Paleontology dating fossils
If a fossil has been dated radiometrically in one place, correlation allows use to work out the age in other places.
In the above example, we know that the fossil in Nevada is slightly older than the ash layer dated to 507 million years old.
Leonardo da Vinci (1452–1519), in an unpublished notebook, also concluded that some fossil sea shells were the remains of shellfish.
However, in both cases, the fossils were complete remains of shellfish species that closely resembled living species, and were therefore easy to classify.
In early modern Europe, the systematic study of fossils emerged as an integral part of the changes in natural philosophy that occurred during the Age of Reason.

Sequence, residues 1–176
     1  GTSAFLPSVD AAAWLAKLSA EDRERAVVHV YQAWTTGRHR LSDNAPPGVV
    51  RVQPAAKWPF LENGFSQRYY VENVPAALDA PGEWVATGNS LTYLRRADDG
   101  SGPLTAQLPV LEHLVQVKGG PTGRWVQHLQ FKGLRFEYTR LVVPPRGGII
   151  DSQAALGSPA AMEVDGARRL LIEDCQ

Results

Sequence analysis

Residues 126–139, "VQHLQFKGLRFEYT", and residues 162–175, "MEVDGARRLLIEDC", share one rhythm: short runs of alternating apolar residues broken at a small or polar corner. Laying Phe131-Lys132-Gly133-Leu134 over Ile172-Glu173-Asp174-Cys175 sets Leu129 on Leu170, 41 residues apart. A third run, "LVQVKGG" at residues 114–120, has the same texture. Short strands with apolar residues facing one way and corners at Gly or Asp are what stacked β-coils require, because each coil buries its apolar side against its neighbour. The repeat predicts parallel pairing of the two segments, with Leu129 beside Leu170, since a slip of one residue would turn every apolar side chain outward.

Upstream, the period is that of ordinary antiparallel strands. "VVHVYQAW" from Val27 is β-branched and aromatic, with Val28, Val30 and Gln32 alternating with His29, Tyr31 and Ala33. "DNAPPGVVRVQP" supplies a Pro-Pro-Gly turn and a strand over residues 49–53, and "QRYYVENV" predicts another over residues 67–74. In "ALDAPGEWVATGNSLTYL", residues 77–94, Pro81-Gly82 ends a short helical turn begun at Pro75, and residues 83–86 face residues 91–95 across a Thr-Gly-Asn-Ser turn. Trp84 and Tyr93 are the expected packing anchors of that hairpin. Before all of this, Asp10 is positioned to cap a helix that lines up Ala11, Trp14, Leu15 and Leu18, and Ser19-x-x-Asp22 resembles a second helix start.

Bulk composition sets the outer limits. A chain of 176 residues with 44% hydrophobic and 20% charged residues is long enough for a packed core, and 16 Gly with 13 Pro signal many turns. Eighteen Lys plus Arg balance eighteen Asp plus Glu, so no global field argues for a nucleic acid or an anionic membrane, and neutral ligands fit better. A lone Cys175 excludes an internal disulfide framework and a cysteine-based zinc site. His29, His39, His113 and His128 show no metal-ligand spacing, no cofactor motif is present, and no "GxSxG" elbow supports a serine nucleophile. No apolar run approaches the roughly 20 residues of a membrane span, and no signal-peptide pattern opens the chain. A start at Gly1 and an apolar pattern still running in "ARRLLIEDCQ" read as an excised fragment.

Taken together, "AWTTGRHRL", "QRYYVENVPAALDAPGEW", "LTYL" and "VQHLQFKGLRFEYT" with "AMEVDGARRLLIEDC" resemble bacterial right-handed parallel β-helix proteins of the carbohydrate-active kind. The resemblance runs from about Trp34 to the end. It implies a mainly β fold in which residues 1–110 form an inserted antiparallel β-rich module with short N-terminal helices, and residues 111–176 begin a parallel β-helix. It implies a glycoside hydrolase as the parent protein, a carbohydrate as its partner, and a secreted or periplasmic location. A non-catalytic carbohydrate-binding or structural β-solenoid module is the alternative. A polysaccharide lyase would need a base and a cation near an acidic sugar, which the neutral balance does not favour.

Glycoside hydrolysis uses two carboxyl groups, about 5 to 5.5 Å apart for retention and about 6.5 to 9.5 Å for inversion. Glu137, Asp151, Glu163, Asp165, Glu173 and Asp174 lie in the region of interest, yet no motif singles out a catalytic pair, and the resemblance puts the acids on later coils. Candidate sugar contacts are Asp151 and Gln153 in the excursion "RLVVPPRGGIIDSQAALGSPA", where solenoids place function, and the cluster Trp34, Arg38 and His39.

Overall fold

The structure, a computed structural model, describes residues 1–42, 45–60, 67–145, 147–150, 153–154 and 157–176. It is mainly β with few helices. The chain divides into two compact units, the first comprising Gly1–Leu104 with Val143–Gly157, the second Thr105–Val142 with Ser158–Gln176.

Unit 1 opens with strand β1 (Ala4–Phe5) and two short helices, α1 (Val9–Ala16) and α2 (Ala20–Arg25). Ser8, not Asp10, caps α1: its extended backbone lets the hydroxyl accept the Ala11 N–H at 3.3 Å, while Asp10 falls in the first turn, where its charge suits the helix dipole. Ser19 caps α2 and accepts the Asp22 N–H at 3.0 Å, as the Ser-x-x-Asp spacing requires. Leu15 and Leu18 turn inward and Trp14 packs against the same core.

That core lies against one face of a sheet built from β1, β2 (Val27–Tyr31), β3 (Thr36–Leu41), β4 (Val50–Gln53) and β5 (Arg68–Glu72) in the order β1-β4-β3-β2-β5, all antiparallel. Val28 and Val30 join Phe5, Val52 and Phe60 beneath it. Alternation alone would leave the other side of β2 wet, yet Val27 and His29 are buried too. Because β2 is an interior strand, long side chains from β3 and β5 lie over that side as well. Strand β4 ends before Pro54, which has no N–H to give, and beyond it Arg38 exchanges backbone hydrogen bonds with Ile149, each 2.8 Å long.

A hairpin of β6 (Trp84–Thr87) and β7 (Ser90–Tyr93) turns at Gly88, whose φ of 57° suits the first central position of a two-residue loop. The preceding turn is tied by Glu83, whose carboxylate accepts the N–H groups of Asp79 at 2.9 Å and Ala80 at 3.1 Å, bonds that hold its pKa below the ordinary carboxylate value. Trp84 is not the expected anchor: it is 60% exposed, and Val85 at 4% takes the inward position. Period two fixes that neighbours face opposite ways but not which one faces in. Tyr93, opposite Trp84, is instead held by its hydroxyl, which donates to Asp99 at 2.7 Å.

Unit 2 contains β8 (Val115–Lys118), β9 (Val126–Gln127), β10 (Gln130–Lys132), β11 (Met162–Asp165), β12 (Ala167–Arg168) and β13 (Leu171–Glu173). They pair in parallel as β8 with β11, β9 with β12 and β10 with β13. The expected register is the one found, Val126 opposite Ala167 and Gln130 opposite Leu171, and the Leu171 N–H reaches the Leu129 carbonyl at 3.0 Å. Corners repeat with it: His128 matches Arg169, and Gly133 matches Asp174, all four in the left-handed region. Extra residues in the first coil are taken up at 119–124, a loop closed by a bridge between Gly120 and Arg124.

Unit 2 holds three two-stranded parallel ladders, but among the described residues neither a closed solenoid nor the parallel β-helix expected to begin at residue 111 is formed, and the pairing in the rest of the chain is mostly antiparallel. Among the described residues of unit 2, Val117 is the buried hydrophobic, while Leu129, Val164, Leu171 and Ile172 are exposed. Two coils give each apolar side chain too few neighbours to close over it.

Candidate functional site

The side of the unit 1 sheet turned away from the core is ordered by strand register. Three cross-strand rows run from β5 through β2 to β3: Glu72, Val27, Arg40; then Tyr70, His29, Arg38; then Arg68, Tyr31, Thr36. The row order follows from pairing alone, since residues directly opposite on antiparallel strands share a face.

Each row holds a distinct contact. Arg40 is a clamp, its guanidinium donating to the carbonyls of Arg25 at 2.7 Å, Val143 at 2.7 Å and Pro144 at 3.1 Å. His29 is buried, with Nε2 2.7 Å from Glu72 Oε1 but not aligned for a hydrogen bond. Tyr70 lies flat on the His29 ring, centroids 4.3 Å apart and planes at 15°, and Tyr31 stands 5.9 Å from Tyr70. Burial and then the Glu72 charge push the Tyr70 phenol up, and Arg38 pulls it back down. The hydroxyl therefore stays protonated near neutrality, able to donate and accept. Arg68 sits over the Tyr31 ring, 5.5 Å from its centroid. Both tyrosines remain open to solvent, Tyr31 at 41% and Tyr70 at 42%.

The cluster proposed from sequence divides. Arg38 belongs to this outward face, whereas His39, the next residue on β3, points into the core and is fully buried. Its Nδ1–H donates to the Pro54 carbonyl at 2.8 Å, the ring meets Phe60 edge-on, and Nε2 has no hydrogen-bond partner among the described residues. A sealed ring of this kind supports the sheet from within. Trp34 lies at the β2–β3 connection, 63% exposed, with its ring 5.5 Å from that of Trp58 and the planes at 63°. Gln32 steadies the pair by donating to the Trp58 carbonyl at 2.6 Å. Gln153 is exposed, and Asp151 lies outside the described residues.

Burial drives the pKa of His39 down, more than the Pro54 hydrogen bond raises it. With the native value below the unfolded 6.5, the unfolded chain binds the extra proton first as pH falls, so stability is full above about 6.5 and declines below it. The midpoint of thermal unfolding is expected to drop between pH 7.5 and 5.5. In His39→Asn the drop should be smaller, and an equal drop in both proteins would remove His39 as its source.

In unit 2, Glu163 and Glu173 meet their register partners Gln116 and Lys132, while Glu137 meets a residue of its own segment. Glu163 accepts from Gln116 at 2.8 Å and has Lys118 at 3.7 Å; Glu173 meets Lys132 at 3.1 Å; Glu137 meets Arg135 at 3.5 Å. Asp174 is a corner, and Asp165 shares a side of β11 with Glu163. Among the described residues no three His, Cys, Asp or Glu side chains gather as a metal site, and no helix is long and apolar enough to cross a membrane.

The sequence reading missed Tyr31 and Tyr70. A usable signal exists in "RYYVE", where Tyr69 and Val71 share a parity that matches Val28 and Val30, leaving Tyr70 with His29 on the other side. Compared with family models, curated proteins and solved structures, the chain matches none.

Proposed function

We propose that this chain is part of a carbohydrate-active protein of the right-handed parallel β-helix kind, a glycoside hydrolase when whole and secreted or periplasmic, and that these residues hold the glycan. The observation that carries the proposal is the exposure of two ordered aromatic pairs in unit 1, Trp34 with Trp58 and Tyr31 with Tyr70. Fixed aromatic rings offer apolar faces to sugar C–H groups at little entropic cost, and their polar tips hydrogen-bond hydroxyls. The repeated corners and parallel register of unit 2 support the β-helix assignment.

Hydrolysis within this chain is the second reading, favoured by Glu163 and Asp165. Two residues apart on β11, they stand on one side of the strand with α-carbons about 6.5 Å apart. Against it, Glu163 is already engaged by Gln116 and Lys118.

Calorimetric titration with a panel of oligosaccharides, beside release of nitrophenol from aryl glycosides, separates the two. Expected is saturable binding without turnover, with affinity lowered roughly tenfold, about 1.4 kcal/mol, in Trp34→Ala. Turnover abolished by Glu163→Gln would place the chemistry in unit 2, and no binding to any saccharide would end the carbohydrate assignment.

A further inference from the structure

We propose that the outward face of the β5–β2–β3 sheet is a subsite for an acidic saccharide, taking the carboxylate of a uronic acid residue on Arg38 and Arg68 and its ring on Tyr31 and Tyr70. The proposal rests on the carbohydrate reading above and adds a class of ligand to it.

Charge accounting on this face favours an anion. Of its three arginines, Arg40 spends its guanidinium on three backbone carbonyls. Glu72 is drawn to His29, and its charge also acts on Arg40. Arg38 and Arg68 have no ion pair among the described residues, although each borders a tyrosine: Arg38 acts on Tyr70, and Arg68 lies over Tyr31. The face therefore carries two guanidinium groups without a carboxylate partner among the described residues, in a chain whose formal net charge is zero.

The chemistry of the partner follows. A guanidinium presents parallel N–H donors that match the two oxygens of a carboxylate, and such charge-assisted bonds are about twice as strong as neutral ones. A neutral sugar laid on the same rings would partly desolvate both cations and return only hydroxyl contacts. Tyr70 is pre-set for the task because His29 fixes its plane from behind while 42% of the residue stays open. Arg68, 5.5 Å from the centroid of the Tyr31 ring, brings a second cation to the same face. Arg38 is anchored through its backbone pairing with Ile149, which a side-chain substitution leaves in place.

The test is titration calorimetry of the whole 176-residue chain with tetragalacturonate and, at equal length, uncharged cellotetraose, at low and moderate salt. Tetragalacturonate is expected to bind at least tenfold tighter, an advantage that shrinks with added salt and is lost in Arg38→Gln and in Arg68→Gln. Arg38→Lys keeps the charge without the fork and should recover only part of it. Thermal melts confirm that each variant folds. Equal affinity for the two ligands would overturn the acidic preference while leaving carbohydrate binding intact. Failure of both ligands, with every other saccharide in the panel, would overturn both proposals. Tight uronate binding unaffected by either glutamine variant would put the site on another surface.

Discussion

The nature of fossils and their relationship to life in the past became better understood during the 17th and 18th centuries, and at the end of the 18th century the work of Georges Cuvier ended a long running debate about the reality of extinction and led to the emergence of paleontology, in association with comparative anatomy, as a scientific discipline.
As early as the 6th century BC, the Greek philosopher Xenophanes of Colophon (570–480 BC) recognized that some fossil shells were remains of shellfish, which he used to argue that what was at the time dry land was once under the sea.Not every rock can be dated this way, but volcanic ash deposits are among those that can be dated.The position of the fossils above or below a dated ash layer allows us to work out their ages.We cannot be sure if the rock layers with the same fossils are identical in age.We can say that the rocks formed during the time in which the fossil species lived.
Sedimentary rocks (made from mud, sand, gravel or fossil shells) and volcanic lava flows are laid down in layers or beds.